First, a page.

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Publication numberUS5944859 A
Publication typeGrant
Application numberUS 08/642,203
Publication dateAug 31, 1999
Filing dateMay 6, 1996
Priority dateMay 6, 1996
Fee statusPaid
Also published asCA2253519A1, CA2253519C, DE69709167D1, DE69709167T2, EP0944422A2, EP0944422B1, WO1997041944A2, WO1997041944A3
Publication number08642203, 642203, US 5944859 A, US 5944859A, US-A-5944859, US5944859 A, US5944859A
InventorsThomas Edwin Lippert, Kathryn Miles Palmer, Gerald Joseph Bruck, Mary Anne Alvin, Eugene E. Smeltzer, Dennis Michael Bachovchin
Original AssigneeSiemens Westinghouse Power Corporation
Export CitationBiBTeX, EndNote, RefMan
External Links: USPTO, USPTO Assignment, Espacenet
Hot gas filter and system assembly
US 5944859 A
Abstract
A filter element for separating fine dirty particles from a hot gas. The filter element comprises a first porous wall and a second porous wall. Each porous wall has an outer surface and an inner surface. The first and second porous walls being coupled together thereby forming a substantially closed figure and open at one end. The open end is formed to be coupled to a hot gas clean up system support structure. The first and second porous walls define a channel beginning at the open end and terminate at the closed end through which a filtered clean gas can flow through and out into the clean gas side of a hot gas clean up system.
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Claims(18)
We claim:
1. A filter element for separating fine particles from a hot gas comprising:
a first porous wall and a second porous wall, each porous wall having an outer surface and an inner surface, said first and second porous walls being coupled together thereby forming a substantially closed figure having a closed end and an open end, said open end formed to be coupled to a hot gas clean up system support structure, said first and second porous walls defining a channel beginning at said open end and terminating at said closed end through which a filtered clean gas can flow into the clean gas side of a hot gas clean up system;
wherein said first and second porous walls define a flange at said open end for attachment to said hot gas clean up system support structure; and
wherein said first and second porous walls are comprised of either a monolithic ceramic, composite ceramic, or a sintered metal material.
2. The filter element of claim 1 wherein said first and second walls are substantially parallel.
3. The filter element of claim 1 wherein said first and second porous walls are a seamless filter.
4. The filter element of claim 1 further including a filter membrane on at least the outer surface of both said first and second porous walls.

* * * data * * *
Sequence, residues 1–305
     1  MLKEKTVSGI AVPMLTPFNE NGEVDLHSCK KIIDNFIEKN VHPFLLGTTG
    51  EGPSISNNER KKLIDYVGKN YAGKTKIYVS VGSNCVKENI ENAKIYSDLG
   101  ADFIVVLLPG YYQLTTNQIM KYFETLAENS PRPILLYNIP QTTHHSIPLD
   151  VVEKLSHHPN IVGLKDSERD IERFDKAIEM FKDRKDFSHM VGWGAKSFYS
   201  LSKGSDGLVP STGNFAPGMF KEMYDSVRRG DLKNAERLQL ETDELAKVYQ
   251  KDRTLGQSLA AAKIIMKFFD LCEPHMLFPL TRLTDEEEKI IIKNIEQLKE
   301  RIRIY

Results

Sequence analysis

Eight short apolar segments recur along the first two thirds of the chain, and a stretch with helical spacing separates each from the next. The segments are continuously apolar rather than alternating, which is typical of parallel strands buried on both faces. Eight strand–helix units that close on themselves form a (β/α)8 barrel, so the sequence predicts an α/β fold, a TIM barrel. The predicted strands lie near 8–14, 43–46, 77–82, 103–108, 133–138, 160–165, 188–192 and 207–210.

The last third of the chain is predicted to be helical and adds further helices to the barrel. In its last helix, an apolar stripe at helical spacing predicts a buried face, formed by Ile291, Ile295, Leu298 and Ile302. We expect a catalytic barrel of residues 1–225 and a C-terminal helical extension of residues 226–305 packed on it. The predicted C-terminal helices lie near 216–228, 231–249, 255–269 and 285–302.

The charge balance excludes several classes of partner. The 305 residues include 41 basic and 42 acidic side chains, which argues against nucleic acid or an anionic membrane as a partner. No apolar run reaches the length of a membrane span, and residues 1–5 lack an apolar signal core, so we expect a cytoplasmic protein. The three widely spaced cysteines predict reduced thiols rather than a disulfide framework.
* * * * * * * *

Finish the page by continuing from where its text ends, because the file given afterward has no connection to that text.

5. The filter element of claim 1 further including a filter membrane on at least the inner surface of both said first and second porous walls.
6. The filter element of claim 1 wherein said first and second porous walls have pores formed therein between a range of about 1 micron through 40 microns.
7. The filter element of claim 1 wherein said first and second porous walls have pores formed therein up to about 600 microns, and a membrane layer in communication with the outer layers of the first and second porous walls.
8. The filter element of claim 1 wherein said first and second porous walls provide a barrier filter media such that a gas flows through the first and second porous walls and the particulates remain on the outer surface of the first and second walls.
9. The filter element of claim 1 wherein said first and second porous walls provide a bulk filter media such that a gas flows through the first and second porous walls and a portion of the particulate matter remains on the outer surface of the first and second walls and some particulate matter is captured within the wall, thereby restricting gas flow through the pores.
10. The filter element of claim 1, further comprising a fail-safe/regenerator device, said device having:
a housing defining an interior chamber, said housing having a gas flow inlet and an outlet, said inlet being mounted adjacent said flange;
a particulate barrier, said particulate barrier securely mounted within said housing chamber between said inlet and outlet, said particulate barrier formed to allow both a clean gas and back pulse gas to flow through, and to prevent particulate matter from traveling into the clean gas side of a pressure vessel and into the channel of other filter elements within the clean up system; and
heating media arranged within said housing interior chamber to heat cooler back pulsed gas to prevent the filter element from experiencing thermal fatigue.
11. The assembly in claim 10 wherein said particulate barrier is either a metal screen, ceramic felt mat, or reticulated foam.
12. The assembly in claim 10 wherein said heating media is made of a metal material.